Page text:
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Time off for Ante-natal Appointments - Changes Effective from 1 October 2014

Pregnant employees and qualifying agency workers have the right to paid time off work to attend antenatal appointments. In basic terms, an agency worker is required to have been doing the same kind of job for the same hirer for at least 12 weeks in order to qualify. (For simplicity, unless the contrary is stated, references below to employees should be taken to include qualifying agency workers, and references to employers should be taken to include temporary work agencies and hirers).

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Antenatal care is not defined by legislation but according to government guidance, it is not restricted to medical examinations and can include relaxation and parentcraft classes, provided that these are recommended by a registered medical practitioner, midwife or health visitor. However, the approach of employment tribunals has not always been consistent with this advice – in one case, for example, a tribunal held that the parentcraft classes in question were educational rather than medical and did not fall within the statutory right.

The basic level of compensation to be awarded to pregnant employees who are unreasonably refused time off on or after 1 October has been doubled: it was previously the amount they should have been paid for the time off, and it is now twice that.  More significantly, refusal to allow a pregnant employee time off, and any detriment to which they are subjected as a result of taking time off without permission, is likely to constitute both unlawful pregnancy and maternity discrimination under the Equality Act and a detriment under the Employment Rights Act. That potential protection for qualifying agency workers under the Employment Rights Act is also new from 1 October.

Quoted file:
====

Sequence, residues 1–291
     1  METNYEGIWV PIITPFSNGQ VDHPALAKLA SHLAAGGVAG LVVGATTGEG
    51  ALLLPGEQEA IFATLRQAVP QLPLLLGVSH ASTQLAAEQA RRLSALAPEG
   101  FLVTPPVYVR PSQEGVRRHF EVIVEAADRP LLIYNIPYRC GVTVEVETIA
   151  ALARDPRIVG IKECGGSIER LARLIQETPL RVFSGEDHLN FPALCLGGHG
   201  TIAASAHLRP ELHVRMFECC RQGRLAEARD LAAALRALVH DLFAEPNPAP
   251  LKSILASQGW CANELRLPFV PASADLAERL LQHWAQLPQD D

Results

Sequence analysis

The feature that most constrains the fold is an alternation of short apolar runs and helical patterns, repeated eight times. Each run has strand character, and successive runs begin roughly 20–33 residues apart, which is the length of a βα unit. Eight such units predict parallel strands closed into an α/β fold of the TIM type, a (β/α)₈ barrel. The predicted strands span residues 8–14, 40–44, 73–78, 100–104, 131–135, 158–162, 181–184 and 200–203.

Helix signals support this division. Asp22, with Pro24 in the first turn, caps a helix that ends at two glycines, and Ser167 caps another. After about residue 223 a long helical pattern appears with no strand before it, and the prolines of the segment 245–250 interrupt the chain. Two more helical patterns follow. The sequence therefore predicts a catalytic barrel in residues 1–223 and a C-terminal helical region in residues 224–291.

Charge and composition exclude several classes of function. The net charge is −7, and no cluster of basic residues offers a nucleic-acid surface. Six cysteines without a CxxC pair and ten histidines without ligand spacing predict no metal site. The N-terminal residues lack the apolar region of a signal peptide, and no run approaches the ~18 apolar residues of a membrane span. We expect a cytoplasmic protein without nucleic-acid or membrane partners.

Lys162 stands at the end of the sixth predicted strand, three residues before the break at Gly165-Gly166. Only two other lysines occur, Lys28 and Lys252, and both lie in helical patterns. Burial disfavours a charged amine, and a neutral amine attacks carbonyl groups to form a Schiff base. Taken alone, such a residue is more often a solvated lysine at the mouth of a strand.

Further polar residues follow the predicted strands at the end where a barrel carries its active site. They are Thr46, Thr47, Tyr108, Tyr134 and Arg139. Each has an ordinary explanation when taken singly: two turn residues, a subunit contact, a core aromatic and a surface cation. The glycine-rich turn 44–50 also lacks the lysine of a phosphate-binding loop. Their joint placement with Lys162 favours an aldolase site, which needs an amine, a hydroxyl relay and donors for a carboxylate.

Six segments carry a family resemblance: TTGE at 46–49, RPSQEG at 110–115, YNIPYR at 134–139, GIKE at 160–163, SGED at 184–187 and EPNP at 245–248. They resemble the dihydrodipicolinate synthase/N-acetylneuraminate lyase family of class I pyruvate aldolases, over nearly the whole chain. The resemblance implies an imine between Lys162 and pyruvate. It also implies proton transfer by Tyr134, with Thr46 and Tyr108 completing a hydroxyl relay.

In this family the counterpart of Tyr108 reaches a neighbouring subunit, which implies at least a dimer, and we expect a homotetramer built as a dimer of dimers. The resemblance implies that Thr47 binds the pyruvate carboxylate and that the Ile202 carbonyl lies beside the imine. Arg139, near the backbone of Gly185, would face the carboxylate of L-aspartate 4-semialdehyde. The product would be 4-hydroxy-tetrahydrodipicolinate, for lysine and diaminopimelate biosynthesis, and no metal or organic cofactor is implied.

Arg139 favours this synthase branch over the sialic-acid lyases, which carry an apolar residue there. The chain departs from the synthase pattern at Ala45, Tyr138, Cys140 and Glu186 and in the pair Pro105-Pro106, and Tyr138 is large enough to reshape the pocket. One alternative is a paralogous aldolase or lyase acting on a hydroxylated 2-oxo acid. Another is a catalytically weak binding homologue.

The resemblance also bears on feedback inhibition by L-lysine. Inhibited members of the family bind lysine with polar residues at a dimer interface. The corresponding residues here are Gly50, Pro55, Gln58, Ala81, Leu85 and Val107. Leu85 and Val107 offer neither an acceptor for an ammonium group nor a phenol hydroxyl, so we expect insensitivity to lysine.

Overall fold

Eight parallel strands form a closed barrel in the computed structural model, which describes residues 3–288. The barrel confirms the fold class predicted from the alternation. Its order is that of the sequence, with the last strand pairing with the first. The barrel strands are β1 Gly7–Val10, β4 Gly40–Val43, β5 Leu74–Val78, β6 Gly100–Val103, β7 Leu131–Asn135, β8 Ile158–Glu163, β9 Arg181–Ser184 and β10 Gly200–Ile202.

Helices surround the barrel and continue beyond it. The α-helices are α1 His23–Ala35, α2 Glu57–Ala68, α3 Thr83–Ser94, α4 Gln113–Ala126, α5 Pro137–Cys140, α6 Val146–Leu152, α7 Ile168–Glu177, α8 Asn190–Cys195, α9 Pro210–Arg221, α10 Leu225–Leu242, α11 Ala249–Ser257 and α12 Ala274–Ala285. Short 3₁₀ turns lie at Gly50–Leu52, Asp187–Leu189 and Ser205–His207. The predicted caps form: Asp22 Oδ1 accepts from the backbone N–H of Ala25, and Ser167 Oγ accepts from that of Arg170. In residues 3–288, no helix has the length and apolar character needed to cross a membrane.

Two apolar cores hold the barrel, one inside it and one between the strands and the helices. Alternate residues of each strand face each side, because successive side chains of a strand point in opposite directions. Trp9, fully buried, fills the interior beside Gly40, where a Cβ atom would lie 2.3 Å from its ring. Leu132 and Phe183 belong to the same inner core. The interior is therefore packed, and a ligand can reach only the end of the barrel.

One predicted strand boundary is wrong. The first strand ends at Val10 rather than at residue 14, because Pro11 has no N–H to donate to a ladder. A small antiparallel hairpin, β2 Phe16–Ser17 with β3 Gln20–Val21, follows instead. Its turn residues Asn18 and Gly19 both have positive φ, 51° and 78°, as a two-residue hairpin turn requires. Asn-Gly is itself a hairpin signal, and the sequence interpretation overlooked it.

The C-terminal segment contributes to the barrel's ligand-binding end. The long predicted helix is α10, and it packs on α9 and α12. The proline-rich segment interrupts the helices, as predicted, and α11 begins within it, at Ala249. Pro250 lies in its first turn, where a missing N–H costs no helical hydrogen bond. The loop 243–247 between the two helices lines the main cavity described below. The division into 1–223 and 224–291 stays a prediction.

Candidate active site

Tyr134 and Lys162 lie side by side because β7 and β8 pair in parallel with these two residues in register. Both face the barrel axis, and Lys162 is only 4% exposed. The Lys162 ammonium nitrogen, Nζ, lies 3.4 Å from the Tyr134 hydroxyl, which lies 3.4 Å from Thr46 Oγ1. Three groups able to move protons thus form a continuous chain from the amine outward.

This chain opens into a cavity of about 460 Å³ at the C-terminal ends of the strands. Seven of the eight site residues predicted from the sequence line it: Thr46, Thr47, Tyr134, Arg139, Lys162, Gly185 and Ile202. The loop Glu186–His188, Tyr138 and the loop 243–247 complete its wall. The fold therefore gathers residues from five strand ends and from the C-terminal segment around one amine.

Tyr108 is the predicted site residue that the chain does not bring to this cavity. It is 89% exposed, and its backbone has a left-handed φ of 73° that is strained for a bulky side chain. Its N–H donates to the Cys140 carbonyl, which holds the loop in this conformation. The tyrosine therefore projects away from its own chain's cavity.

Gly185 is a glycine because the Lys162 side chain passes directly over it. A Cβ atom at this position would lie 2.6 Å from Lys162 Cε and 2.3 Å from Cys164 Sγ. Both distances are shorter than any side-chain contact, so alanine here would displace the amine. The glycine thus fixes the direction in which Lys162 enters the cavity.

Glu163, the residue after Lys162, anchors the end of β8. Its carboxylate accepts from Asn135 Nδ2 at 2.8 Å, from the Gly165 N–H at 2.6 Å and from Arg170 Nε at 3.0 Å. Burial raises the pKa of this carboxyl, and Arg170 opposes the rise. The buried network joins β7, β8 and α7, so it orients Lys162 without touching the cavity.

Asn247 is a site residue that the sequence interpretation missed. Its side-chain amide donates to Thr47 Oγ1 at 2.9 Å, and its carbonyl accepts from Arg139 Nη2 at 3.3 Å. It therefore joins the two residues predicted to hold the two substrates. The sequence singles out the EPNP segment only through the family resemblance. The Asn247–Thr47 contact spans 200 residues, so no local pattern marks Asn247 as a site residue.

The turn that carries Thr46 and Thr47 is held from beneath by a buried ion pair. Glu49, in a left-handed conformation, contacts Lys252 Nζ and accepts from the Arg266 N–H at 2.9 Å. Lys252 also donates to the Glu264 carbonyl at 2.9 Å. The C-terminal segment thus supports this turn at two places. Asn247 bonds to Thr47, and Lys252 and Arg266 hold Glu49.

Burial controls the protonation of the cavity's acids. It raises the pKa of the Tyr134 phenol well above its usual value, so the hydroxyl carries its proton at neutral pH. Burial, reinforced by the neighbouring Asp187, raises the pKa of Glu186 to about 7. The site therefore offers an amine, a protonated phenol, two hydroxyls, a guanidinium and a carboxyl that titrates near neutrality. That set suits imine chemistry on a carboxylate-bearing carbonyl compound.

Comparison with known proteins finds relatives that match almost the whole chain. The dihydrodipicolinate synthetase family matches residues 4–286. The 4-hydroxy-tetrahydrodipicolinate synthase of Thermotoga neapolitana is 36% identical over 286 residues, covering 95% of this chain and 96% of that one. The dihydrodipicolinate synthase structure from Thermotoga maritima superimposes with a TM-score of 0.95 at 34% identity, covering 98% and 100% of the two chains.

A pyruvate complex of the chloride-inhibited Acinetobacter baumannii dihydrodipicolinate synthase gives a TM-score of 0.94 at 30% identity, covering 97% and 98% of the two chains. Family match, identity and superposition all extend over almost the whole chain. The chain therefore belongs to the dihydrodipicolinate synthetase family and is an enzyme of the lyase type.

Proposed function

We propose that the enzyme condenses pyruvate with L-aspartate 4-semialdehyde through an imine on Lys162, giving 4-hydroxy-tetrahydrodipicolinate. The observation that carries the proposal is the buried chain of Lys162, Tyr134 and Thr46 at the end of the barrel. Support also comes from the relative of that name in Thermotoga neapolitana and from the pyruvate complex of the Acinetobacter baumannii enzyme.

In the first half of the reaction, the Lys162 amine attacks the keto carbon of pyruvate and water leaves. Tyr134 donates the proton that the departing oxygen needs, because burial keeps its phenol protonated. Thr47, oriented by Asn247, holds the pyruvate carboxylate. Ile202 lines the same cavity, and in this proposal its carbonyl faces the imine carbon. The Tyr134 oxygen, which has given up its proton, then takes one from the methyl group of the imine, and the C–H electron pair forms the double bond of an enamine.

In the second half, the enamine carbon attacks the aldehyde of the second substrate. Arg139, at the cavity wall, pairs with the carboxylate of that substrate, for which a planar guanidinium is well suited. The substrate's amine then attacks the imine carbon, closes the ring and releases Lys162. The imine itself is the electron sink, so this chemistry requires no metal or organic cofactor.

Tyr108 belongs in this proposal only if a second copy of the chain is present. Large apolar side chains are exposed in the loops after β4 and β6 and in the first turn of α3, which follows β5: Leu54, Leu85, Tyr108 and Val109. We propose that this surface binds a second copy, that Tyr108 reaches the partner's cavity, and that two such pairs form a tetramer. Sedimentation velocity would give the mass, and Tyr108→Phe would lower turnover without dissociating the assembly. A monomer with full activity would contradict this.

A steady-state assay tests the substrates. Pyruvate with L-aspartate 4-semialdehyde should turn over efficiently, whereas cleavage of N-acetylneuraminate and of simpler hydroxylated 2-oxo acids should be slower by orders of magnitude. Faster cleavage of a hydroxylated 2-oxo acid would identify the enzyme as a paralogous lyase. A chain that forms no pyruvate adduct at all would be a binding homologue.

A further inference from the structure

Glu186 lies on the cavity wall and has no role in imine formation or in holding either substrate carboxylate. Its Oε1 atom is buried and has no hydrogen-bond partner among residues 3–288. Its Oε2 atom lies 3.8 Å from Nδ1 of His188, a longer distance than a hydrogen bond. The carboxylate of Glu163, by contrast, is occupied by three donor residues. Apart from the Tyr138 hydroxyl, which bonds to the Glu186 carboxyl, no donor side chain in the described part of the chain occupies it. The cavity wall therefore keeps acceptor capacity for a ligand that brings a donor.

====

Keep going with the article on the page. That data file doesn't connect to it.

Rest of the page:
A further significant development is the new right for fathers to unpaid time off to accompany a pregnant woman to ante natal appointments, which came into effect from 1 October 2014.

The right applies to (i) the actual father; (ii) the pregnant woman’s partner (whether of the same or opposite sex); (ii) the pregnant woman’s husband or civil partner; and (iv) the intended parents in a surrogacy situation who expect to be entitled to, and intend to apply for, a parental order in respect of that child.

The entitlement is to unpaid leave for no more than two appointments of up to 6½ hours’ duration.

An employer is not entitled to ask for any evidence of the ante-natal appointments, such as an appointment card, as this is the property of the expectant mother attending the appointment. However, an employer can request an employee to provide a signed declaration stating:

  1. that the employee has a qualifying relationship with a pregnant woman or her expected child;
  2. that the employee’s purpose in taking time off is to accompany a pregnant woman to an ante-natal appointment;
  3. that the appointment in question is made on the advice of a registered medical practitioner, registered midwife or registered nurse; and 
  4. the date and time of the appointment.

If an employee seeks to exercise their right to accompany somebody to an ante-natal appointment, it will be unlawful for them to suffer any detriment as a result, and an employee is dismissed for exercising or seeking to exercise their right, the dismissal will be automatically unfair.

BIS has published a guide called “Time off to Accompany a Pregnant Woman to Antenatal Appointments: Employer guide”.

For further guidance on worker’s rights in relation to ante natal appointments or other employment law issues, please contact me on tel: 01952 211025 pr email jennifer.gibson@lblaw.co.uk.